A recent report by the Environmental Working Group (EWG) details that of the 170 bottled water brands sold in the U.S., only three companies provide consumers with information pertaining to water source, purification methods and remaining contaminants. The report further emphasized that Nestlé’s Pure Life Purified Water is the only one of the top 10 domestic brands that readily offers this information.
Why the ambiguity of it all?
EWG Research Analyst Nneka Leiba explained: “The U.S. Food and Drug Administration, the agency that regulates bottled water, does not require bottle water manufacturers to disclose the geographic source of their products on their labels or on their website.”
Yet, oddly enough, it’s the source of the water that plays a role in contaminant levels, and that’s why activists within EWG are sounding the whistle.
“The source of the water and the degree to which it is or is not purified play an important role in the contaminant levels. Pollutants may also make their way into bottled water from the plastic bottles in which many of these bottles are packaged,” said Leiba.
Critics of the industry are also pointing fingers at the visual aspect of bottled water packaging, designed by savvy marketing executives to tout the purity of a brand. While the images of misty waterfalls conjure up ideals of natural, virgin waters, companies are failing to clearly substantiate their claims.
“Winds that carry acid rain and pollutants to other parts of the planet just don't come [their] way," Leiba laughed.
Meanwhile, experts are calling for action.
"Water bottlers are clearly having difficulty reading the writing on the wall or else there would already be clearer writing on their labels," said Leslie Samuelrich, Chief of Staff for Corporate Accountability International. "The public is calling on corporations like Coke to label the source of its water. State governments are calling for it. Congress is calling for it. The longer the industry avoids transparency, the more it forces the hand of civil servants to advocate the consumer's right to know."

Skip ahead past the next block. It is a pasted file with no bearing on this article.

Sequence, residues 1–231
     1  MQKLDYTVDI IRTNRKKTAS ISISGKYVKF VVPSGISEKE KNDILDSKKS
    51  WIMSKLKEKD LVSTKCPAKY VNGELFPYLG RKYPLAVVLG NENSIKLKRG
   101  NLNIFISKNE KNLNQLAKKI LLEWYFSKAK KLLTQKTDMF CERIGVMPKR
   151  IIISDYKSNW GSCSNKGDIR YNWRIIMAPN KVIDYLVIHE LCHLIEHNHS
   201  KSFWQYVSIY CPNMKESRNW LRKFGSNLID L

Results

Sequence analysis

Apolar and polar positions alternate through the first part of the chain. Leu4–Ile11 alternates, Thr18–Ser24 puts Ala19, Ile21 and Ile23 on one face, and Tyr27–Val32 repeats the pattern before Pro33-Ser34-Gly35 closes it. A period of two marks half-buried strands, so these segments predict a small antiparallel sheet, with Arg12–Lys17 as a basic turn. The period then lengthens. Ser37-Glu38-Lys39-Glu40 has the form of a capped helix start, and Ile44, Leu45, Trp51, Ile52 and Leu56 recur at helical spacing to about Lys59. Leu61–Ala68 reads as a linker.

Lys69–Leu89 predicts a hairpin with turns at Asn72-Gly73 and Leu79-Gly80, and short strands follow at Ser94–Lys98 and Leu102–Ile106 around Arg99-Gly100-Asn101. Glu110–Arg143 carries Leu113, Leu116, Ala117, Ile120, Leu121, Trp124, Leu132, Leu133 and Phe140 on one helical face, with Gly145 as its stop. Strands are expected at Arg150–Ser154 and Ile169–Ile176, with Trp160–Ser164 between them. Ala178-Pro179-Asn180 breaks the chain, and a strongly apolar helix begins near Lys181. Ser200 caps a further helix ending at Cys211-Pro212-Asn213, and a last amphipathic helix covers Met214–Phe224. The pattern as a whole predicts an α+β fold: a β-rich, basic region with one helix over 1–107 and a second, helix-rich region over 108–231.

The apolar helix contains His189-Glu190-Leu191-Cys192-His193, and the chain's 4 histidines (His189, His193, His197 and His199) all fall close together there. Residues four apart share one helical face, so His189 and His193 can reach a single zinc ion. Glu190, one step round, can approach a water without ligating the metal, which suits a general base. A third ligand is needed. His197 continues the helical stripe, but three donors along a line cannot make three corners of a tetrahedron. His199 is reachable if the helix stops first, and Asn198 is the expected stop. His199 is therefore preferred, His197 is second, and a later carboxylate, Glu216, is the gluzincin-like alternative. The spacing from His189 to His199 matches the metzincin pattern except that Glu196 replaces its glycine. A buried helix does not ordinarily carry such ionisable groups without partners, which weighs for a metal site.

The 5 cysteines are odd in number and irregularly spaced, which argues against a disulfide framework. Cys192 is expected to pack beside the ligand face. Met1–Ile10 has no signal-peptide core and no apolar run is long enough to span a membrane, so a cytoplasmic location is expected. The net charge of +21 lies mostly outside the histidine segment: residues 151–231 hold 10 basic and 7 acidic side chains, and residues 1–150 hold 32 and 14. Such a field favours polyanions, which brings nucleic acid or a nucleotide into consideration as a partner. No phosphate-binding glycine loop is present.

Nowadays, “going green” is an easy, convenient selling point, because Americans are joining the trend of promoting healthier lifestyles and a healthier planet. But to buy a bottle of water, ironically enough, is the antithesis of the whole concept.
“They know they need to aggressively work to image themselves as green, since they’re selling an environmentally destructive product,” Leiba said of bottled water companies. “They are selling a non-sustainable product at over 1,000 times its worth, damaging many ecosystems and angering many communities in the process.”
Want to really go green, water guzzlers?
The EWG urges you to pour a glass of filtered tap water, instead. After all, it points out, almost 50 percent of bottled water is straight from the tap, sometimes purified (and sometimes not).